The Duchy of Cornwall estate dates back to 1337 when Edward III granted a Royal Charter to his oldest son, the Black Prince. This charter said that from then on the eldest surviving son of the monarch (and heir to the throne) would also be the Duke of Cornwall. The idea was to provide the heir apparent with an independent source of income to cover his public and private expenses. Should there be no Duke then the Duchy temporarily reverts to the monarch with the income going to the Exchequer.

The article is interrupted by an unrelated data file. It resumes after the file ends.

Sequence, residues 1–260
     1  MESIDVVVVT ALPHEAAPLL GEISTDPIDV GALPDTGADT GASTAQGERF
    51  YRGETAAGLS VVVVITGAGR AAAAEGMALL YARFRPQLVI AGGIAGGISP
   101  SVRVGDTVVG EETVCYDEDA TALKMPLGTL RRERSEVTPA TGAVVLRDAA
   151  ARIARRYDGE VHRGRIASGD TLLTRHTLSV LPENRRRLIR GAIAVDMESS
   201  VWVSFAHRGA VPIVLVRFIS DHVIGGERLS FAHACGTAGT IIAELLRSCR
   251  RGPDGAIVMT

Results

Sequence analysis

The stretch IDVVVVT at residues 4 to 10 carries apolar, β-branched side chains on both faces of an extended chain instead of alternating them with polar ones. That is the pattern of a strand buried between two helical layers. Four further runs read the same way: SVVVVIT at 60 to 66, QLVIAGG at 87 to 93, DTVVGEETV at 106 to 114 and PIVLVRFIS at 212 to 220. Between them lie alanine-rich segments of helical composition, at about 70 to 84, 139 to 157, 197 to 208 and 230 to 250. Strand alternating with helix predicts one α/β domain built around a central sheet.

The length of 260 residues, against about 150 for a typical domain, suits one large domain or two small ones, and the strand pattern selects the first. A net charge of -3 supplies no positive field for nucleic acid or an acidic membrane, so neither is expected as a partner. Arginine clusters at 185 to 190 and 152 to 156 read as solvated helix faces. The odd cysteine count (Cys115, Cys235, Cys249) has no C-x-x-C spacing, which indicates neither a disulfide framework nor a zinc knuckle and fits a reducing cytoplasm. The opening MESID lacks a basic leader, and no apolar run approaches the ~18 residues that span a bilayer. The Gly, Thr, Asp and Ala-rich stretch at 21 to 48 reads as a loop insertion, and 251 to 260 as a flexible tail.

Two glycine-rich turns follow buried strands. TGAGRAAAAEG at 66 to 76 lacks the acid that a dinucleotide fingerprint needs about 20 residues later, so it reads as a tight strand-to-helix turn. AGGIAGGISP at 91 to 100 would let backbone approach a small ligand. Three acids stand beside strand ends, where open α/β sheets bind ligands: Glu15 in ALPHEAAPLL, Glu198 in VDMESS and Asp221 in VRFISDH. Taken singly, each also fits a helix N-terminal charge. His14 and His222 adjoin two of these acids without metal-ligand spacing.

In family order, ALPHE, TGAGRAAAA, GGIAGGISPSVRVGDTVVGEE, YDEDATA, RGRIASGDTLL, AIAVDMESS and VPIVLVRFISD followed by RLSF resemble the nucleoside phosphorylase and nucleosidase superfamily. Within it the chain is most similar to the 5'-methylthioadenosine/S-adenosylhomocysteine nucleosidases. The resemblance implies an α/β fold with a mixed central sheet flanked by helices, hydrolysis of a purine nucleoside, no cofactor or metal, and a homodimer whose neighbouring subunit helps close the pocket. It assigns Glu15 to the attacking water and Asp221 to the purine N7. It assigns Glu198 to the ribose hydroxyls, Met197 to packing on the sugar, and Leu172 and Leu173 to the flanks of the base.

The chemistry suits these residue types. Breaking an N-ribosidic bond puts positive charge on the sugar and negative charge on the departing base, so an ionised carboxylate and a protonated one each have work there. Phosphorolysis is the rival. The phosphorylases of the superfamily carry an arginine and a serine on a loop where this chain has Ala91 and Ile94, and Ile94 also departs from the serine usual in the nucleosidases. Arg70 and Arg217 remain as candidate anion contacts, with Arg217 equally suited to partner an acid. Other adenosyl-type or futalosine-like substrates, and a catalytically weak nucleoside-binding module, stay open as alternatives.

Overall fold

The Duchy owns 126,000 acres (51,000 hectares) of land in 22 counties, roughly half of the land is on Dartmoor in Devon. Apart from farms and small holdings, the Duchy also owns residential properties, shops and offices as well as stocks and shares. The property portfolio includes Kennington Oval and 45 acres in Kennington itself. Following an 1863 Act of Parliament, the Duchy is run by the Prince’s Council, a non-executive board chaired by the Prince of Wales. Day to day matters are handled by a staff of about 80 (including valets and private secretaries) and is headed by the Secretary and Keeper of Records to the Duchy.